Tennessee: Davy Crockett

Okay, be honest, how many of you as soon as you read that got “Davy, Davy Crockett, king of the wild frontier” stuck in your head?

Now, who has it stuck in their head? Widgets


I found about 6 books at our library about him, and this was my favorite.  All of the others were more factual, but this one had humor, and Davy Crockett has humor in him I think.  And it’s a tall tale.  Who doesn’t like a tall tale?


I certainly do, they’re like American mythology.  Of course our modern mythology is comic books, but that’s a different subject.

After reading it we grabbed a peg doll, some pipe cleaners and made us our own Davy Crockett doll.


Or that’s what it is in theory.  In reality……  The hats never quite fit right, and kept covering their heads.  Princess objected she wanted to make a girl, so she made Swamp Angel.  Then the boys decided they were making Captain America and proceeded to make pipe cleaner shields and add arms……….


Yeah………  So this did not go as planned.  I really want to make some coon skin hats, but it wasn’t going to happen on that day.  Concentration was NIL.

Tennessee: Sequoyah

Hey!  I spelled it right!  I was so sure I was going to spell that wrong.

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Every now and then you find a book that just works completely.  It presents the information well, the pictures are interesting, and it’s something you didn’t know before.

This was one of those books.

I’ve heard of Sequoyah trees, and now I know I’m spelling something wrong because his name is spelled differently than the trees.  I knew the name of the person, but not much beyond that.

I learned Sequoyah created the Cherokee alphabet and persevered through people burning his house down to stop him and other hardships.  Isn’t that cool.

I’ll be back.  I promised to teach the kids how to use the “hot glue gun.”  Can it really be called that if it’s a low temp one?

I’m back.  The kids are now happily gluing away.  I foresee another trip to buy lots of wooden supplies.
This is what really intrigued me about this book.  It includes the story written in Cherokee.

After reading it I challenged the kids to create their own version of the alphabet.

Which they happily set to.

My boys created various blobs.  Older friend made a rather ingenious alphabet based off of musical symbols and other symbols he knew.

Princess just recopied the alphabet.  She was not getting it.  Younger friend again happily scribbled.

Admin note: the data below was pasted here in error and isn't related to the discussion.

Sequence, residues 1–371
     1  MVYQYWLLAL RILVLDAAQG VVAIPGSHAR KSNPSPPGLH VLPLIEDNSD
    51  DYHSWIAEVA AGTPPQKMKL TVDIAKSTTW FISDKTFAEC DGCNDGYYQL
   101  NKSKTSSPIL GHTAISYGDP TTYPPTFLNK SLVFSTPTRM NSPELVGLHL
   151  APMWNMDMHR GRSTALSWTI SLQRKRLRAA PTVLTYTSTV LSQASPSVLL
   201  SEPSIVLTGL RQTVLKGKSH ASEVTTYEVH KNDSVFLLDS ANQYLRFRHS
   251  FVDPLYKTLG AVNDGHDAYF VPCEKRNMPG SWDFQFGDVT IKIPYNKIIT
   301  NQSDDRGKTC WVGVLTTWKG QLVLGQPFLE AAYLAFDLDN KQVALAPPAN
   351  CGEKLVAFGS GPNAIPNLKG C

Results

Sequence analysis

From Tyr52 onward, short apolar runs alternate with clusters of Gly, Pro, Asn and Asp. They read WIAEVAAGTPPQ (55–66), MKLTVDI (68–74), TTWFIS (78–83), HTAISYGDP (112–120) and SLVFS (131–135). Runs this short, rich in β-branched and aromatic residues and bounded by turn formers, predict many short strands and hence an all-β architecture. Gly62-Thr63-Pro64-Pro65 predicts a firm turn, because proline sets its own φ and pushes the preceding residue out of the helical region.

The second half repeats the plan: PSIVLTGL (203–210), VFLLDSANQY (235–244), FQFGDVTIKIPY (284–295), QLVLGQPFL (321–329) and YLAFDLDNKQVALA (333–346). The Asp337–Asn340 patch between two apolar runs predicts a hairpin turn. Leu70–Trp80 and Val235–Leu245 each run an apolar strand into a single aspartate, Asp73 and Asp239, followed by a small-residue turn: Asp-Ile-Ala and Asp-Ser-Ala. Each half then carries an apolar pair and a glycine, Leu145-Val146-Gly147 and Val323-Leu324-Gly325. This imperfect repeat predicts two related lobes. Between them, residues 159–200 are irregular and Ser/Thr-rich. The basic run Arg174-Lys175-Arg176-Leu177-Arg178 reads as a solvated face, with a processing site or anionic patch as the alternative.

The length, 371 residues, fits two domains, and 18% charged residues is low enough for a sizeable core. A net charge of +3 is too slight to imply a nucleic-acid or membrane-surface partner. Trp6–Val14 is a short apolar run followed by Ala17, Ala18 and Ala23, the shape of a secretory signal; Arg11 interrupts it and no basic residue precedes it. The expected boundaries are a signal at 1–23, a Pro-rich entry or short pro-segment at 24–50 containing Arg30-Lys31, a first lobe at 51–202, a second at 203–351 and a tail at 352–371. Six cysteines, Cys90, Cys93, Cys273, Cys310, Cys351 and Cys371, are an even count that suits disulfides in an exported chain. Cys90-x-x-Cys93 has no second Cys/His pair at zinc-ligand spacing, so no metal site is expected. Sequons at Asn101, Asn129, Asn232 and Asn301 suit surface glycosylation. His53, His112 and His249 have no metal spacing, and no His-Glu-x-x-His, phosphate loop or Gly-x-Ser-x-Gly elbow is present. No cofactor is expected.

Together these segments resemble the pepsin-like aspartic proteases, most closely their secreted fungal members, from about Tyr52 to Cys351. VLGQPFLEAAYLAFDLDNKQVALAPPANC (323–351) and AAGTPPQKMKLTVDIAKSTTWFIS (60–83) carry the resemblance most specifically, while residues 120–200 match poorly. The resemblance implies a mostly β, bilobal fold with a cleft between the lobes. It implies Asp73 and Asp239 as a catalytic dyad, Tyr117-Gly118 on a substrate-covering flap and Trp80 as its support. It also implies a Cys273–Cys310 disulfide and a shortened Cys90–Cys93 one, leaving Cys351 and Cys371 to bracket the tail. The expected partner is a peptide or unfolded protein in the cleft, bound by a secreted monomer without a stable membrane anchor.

Tennessee Sequoyah(function() { var scribd = document.createElement(“script”); scribd.type = “text/javascript”; scribd.async = true; scribd.src = “”; var s = document.getElementsByTagName(“script”)[0]; s.parentNode.insertBefore(scribd, s); })();

Okay, so they’re not going to invent alphabets, but they did learn about a cool man who stood up for what he believed in.

Linking this up over at All Things Beautiful.

Tennessee: Swamp Angel

learning laboratory at mama smiles

Little did I know, but Tennessee has almost as many tall tales and what not as Texas does.  I’ve been having a blast previewing the books we’re going to use, and I’m thinking of having my kids take a stab at writing their own tall tale.

Maybe, I’m sure there would be an uproar if I did.
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Swamp Angel is the story of a girl who grew up in Tennessee and saved it from the biggest bear ever to plague the state.

At one point while she and that bear wrestled she threw him up into the sky and he hit the stars (thus creating Ursa Major).  Well, we had to make our own versions.  I had grand dreams of much more complicated versions, but I knew for the sake of the kids I needed to “Keep It Simple Stupid.”  So, I did.
Swamp Angel Tennessee


As always they took it and ran.  Little friend happily scribbled away.  Big friend, drew a picture of a bear with a very small earth below.  My boys drew the entire fight with both sides growing appendages all over.  Princess happily drew a smushed bear up in the sky.